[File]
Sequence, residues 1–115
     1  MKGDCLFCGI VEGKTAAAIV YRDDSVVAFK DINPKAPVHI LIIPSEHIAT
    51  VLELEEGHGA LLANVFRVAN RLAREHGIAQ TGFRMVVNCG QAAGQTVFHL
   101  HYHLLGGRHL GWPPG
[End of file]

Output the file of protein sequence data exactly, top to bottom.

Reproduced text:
Sequence, residues 1–115
     1  MKGDCLFCGI VEGKTAAAIV YRDDSVVAFK DINPKAPVHI LIIPSEHIAT
    51  VLELEEGHGA LLANVFRVAN RLAREHGIAQ TGFRMVVNCG QAAGQTVFHL
   101  HYHLLGGRHL GWPPG